I brought back several boxes of books and other old items from Kansas City two weeks ago and have slowly been working my way through them. Two absolute gems of finds were my sixth and eighth grade yearbooks (I don’t know if seventh grade is just located elsewhere or if it was destroyed thanks to an especially unfortunate picture of your favorite blogger that year). As you can imagine, each yearbook was good for quite a few laughs. Let’s dive in, shall we?
Sixth Grade, 1982-3:
We were new to yearbooks, being 12 year olds and all, so the comments people wrote in mine weren’t all that eloquent. Examples:
“To a good friend! – Robert”
“To a good friend! – Mike”
“To a good friend. See you next year. – Steve” Thanks to Steve for mixing it up a little.
Here’s a fun one: “Always watch the news because someday you’ll make a good politician. – Pam” Clearly Pam was predicting our modern media age where politics is practiced as much on the evening cable news shows as in Washington or any state capital.
“See you this summer. Stay out of jail. – Mike” Sixth grade was the year of my famous assault on an unmarked police car with snowballs, but I don’t recall there being real concern that I would end up in jail. Hmmm. Am I blocking out some important memory?
“Stay sweet! See you next year! – Krickett.”
“Stay sweet. – Jen.” So it wasn’t just the boys who were repetitive. Now I know I was pretty good friends with both of these girls back then, but rereading these makes me think perhaps they didn’t put much thought into what to enter into my yearbook.
Page 5. My picture. Not too bad. Glasses. Hair still pretty straight. Face still boyish rather than teenage-ish. Nothing to be embarrassed about (yet).
“To a nice boy and a good friend. – Mindy.” Smacks of “You’re ok but not cool enough that I’ll still be talking to you next year” doesn’t it?
And now for my favorite line. “Even though your (sic) a nice person, I’m not nice to you. That’s one of my faults. – Stuart.” Brilliant! My high school friends who might read this will know who wrote that and understand it fits his personality perfectly. A sixth grader writing about his faults in a yearbook. Good stuff.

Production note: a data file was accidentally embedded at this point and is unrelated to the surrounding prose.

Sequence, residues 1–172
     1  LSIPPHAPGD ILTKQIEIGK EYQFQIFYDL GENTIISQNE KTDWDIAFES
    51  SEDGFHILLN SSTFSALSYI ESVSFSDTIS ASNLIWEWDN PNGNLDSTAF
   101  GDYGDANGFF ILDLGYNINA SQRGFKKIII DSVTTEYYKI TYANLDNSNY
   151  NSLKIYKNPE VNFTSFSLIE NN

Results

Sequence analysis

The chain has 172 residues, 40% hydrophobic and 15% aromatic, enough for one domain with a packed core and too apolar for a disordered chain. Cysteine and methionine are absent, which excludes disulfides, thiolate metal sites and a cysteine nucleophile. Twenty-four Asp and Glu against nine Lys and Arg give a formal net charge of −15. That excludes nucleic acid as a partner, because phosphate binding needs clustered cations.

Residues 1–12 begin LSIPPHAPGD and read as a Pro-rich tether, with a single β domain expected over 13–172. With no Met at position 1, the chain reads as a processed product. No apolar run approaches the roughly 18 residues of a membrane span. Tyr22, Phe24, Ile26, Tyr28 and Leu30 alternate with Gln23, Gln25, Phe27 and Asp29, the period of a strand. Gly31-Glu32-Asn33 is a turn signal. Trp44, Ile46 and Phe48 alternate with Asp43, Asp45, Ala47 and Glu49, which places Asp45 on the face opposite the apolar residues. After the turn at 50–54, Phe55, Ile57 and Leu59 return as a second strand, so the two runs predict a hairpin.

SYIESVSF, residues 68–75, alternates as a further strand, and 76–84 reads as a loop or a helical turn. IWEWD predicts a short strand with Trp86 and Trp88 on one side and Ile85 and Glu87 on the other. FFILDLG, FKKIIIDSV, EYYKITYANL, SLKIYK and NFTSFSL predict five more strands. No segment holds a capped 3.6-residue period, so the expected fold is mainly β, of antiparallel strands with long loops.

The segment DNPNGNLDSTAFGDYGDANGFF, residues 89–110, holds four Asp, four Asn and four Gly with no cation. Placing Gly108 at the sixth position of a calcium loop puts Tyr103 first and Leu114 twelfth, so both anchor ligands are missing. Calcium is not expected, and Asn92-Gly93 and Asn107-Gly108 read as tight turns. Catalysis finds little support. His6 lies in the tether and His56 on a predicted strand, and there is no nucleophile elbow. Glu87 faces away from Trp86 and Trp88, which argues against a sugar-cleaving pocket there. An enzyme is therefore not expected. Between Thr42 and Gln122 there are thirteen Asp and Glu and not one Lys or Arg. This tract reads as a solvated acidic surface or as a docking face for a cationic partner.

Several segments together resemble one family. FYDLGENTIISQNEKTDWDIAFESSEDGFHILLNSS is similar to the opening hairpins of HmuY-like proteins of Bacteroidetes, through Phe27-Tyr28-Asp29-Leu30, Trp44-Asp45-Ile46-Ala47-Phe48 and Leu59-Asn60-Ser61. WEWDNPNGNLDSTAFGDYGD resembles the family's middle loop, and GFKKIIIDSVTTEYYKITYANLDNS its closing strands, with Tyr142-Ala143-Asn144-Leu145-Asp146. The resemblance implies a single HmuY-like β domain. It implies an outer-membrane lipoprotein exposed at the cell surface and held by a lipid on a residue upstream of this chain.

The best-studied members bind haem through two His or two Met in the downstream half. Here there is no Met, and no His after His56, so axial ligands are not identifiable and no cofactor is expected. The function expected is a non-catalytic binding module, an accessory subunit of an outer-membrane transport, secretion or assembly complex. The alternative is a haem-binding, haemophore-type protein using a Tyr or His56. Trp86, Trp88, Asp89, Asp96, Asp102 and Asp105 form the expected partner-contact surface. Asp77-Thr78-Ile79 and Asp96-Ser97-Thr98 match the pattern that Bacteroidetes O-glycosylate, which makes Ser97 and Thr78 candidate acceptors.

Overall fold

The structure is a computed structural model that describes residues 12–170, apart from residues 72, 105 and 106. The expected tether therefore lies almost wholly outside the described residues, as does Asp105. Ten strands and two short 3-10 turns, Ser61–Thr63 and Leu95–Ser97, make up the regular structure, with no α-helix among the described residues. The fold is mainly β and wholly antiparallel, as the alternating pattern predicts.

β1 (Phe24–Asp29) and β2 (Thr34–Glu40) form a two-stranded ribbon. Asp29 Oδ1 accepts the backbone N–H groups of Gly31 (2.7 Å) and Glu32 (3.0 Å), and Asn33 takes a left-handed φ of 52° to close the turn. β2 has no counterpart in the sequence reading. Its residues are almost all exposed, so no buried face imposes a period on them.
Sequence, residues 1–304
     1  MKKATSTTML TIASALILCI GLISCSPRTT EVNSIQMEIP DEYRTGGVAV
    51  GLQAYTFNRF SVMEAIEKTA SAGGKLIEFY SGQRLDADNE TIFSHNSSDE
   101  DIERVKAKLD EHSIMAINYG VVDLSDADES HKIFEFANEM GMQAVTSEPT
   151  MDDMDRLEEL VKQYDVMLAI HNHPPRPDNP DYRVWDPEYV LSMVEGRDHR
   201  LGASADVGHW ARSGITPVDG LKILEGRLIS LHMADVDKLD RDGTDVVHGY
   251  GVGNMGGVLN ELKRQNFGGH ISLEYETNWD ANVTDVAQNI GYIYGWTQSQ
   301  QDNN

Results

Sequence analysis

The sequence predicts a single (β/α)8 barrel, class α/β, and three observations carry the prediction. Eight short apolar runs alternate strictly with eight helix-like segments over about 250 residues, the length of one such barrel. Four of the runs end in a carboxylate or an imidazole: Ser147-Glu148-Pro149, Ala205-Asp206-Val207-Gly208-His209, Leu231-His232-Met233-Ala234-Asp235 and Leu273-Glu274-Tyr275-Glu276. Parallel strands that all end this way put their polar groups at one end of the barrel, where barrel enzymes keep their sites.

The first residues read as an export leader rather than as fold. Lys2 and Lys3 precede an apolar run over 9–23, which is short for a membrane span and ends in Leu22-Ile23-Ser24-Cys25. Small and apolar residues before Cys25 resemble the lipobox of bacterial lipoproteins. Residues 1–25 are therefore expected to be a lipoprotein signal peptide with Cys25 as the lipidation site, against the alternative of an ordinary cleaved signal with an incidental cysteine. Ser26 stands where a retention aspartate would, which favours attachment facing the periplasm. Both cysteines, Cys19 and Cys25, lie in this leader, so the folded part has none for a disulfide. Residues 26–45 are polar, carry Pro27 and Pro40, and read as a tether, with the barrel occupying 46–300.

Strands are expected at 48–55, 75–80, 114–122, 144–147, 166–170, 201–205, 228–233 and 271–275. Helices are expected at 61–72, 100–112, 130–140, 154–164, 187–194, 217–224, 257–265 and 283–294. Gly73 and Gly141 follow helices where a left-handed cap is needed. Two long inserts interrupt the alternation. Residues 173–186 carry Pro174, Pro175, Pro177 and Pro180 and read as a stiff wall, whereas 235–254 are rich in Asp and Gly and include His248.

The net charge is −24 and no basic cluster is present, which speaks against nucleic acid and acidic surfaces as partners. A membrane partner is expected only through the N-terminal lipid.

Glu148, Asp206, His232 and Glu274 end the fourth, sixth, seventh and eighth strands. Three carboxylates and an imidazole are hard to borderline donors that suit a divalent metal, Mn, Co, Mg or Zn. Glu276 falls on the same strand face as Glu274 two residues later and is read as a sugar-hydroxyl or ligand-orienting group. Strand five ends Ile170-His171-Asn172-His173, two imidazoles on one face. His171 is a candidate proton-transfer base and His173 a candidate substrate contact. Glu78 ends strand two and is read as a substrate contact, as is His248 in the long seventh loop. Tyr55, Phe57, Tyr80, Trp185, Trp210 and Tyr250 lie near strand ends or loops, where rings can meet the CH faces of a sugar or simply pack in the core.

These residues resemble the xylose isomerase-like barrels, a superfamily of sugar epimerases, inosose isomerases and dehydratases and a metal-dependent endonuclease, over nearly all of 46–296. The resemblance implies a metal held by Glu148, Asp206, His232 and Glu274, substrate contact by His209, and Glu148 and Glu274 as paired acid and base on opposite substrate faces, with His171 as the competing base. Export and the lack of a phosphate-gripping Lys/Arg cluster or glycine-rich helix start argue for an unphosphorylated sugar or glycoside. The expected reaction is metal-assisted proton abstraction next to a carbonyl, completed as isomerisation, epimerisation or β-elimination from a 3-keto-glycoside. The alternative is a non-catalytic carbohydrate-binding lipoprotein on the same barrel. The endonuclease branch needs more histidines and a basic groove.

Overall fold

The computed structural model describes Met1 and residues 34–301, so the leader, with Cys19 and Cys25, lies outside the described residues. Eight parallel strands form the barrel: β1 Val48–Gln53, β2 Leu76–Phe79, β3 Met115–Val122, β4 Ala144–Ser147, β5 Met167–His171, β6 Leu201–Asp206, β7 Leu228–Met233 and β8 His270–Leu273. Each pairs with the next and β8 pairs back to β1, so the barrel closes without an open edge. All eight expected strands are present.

Eighth grade, 1984-5:
Now things were really picking up. Almost everyone was in the throes of puberty. We were heading to high school, so assuming our “Class of ’89” collective personality. Also, I have a lot more signatures this time. I wasn’t terribly popular by any measure back then, so I can only assume it was the joy of getting out of middle school that caused this frenzy of yearbook signings.
“Have fun. Don’t die. – Chad.” Advise for a lifetime.
“Hi. Glad I got to know you after all. Hope to see you next year and over the summer. Stay sweet. – Teri.” Wow, that’s some statement. Did I miss an opportunity with Teri back in the day?
“Have a great summer. See you next year. Maybe we’ll have some classes together. – Cali.” Holy crap, girls wanted to be in the same class as me?
“You’re a big pain when you’re around Jeff. But you’re really, really cool. Really. – Sofia.” Sarcasm?
“You’re in GT. Why are you such a troublesome student? (Sound familiar?) Home Ec’s been cool. See you next year. – Blair.” Ahh, 8th grade Home Ec. I was in our school’s gifted program and was normally a pretty good student, but when I got around a couple of my friends (two of which were in Home Ec), I tended to act out. Our teacher called me out this way in front of class one day, trying to shame me into being good. I think we put powdered laundry soap in the sugar bowls as payback for her yelling at us that day.
“To a real nice guy. Maybe a little weird but nice. Have a good summer. Love – Amy.” Sounds about right. Love?!?!